Whether or not Helms' knowledge of Texas' plans made a difference quickly became a point of contention, particularly after Oklahoma hammered the Longhorns, 52-13, and Helms was presented the game ball in the Sooner dressing room after the contest.

What followed, however, is one of the untold stories of a remarkable turnaround -- and a lesson that would play itself out years later in another place and time. Texas was 2-2 as an angry Royal came into a team meeting the following Sunday.

Royal began by questioning the team's desire and commitment, but before he had gone far into the speech, Arnold, who would become an all-SWC defensive back that year, interrupted him.

"That's not right, coach," Arnold said from the back of the room. "They changed everything we had prepared for -- stuff they had done last year and this year. We played as hard as we could. We were going full-speed to the wrong places."

The uneasy silence in the room was broken when defensive guru Mike Campbell spoke up. The 52 points OU had scored were by far the most ever against a Campbell-coached Texas defense.

"He's right, Darrell," he said. "They seemed to know everything we were doing before we did it."

Royal knew that this loss belonged to him and not changing the game plan to compensate for OU hiring Coach Helms was a mistake.

Jay Arnold and Malcolm Minnick.jpg

Jay Arnold and Malcolm Minnick

The 1973 OU game also changed weight lifting forever at Texas. Jay Arnold says "We were part of the 'old school' when it came to physical and strength training." "We would lift and condition in the spring and off-season, but put the weights away during the season. Oklahoma did it differently. They were working on weights all year long. We changed after that game, and never looked back. We were in an era of enlightened transition as far as that was concerned."

Bill Wyman

06.22.2013 | Football

Bill Little commentary: The quiet man

When it came to describing Bill Wyman, Darrell Royal would call him the best center he ever coached.

The part of Bill Little’s article concerning Bill  Wyman is quoted below. The pictures were added by Billy Dale to add depth to Bill’s article.



They say a picture is worth a thousand words, and there is one photo of former Longhorn Bill Wyman that shows just that.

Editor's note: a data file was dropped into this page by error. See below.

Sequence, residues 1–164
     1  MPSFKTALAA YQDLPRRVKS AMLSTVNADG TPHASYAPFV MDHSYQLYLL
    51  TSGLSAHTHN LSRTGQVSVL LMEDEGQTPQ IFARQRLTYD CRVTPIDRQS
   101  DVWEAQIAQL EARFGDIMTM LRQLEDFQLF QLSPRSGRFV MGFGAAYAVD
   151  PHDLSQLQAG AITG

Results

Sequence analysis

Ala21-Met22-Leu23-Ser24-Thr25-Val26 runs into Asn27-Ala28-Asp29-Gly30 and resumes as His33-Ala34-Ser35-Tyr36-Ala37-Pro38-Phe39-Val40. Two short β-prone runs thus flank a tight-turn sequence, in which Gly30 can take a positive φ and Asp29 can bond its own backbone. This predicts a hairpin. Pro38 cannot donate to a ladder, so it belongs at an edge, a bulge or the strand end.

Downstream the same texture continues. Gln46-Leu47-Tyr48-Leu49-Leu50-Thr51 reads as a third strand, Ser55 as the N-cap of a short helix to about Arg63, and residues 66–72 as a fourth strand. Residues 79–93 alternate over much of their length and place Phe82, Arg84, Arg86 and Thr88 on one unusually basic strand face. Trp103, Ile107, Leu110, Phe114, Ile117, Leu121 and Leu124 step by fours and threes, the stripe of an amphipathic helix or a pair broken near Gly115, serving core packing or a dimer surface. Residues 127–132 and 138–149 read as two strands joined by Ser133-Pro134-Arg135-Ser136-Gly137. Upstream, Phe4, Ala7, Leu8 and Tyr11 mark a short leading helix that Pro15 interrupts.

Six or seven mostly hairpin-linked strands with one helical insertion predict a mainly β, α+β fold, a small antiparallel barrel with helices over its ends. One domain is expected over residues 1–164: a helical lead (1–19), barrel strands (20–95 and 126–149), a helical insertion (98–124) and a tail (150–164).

Shot in the bench area of a Texas football game in the season of 1973, the picture by the acclaimed sports photographer, the late Linda Kaye, shows the rugged face of an embattled center, his long hair dripping in sweat plastered across his forehead.

That will always be the lasting image of the man who was the lynchpin of the offensive line during part of one of the greatest eras of Texas Longhorns football.

Wyman, who died at 61 early this week due to complications of Parkinson's disease, was a three-year letterman who earned all-Southwest Conference honors in 1972 and 1973 and was a consensus all-American in 1973.

A freshman in 1970, Wyman was part of the last group of NCAA Division I players who were eligible to play only three seasons with the varsity, and he made the most of it. By the middle of his junior season, he had become one of the best centers in Texas Longhorn football history.

But while Wyman's presence was felt throughout his career, it was his tough, rugged leadership as a captain during his tumultuous senior season of 1973.

"He never said a lot," recalls teammate Jay Arnold. "He led by example. Coaches and players alike remember [him] as the best there was."

As the center in an offense which helped fullback Roosevelt Leaks earn all-American honors and a place in College Football's National Hall of Fame, Wyman was a part of an offensive line which carried the Wishbone offense into the middle years of its success. From the season of 1968 through Wyman's senior year of 1973, Texas won six Southwest Conference championships and went to a record six straight Cotton Bowl games. The 1972 team beat Alabama in the New Year's Day game of 1973, finishing the season with a 10-1 record and a No. 3 national ranking.

When it came to describing Bill Wyman, Royal would call him the best center he ever coached, and he forever linked Wyman and his running buddy Leaks after Roosevelt's record-setting day against SMU.

"Wyman was more consistent out there Saturday than any player we had. Over a career, I don't think we've had any player who has been more consistent that Wyman. He and Leaks go together like ham and eggs," Royal said.

Following his playing career, the 6-2, 238-pound Wyman was chosen to play in both the Coaches' All-America game and the Senior Bowl. He was picked in the sixth round of the NFL draft by the New York Jets, but chose instead to return to his native Houston area roots and entered the construction business.

He battled cancer and won during the 1990s, but he couldn't defeat the ravages of Parkinson's.

Centers and other offensive linemen are hard to quantify when it comes to excellence. Running backs, receivers, quarterbacks -- and all kickers and defensive players -- have some statistics that can be pointed to.

Bill Wyman 2.jpg

Bill Wyman's legacy will be left as that of John Wayne in the movie "The Quiet Man." Folks never fooled with him. He was a tough, tough football player, but most of all he was a good man and a good friend.

And if that is how you're remembered, that's a pretty good deal.


Alan Weddell Bio. from Wikipedia

Alan Weddell was an offensive lineman for the Texas Longhorns under Darrell Royal from 1970-1972. He was part of the 1970 national championship team. Weddell graduated in 1973 from Texas-Austin with a bachelor's degree in production engineering. He later earned a master's degree in education and administration from the University of Houston–Victoria. 

Weddell began his coaching career as junior varsity and varsity assistant at Angleton High School from 1973 to 1977. He then went on to coach at Victoria High School in Victoria, Texas for twelve years, first as an assistant, since 1982 as head coach. Weddell guided the Stingarees to a 47-32-1 record, winning district championships in 1986 and in 1989. He was twice named 26-5A Coach of the Year and won 35 of his last 40 regular season games.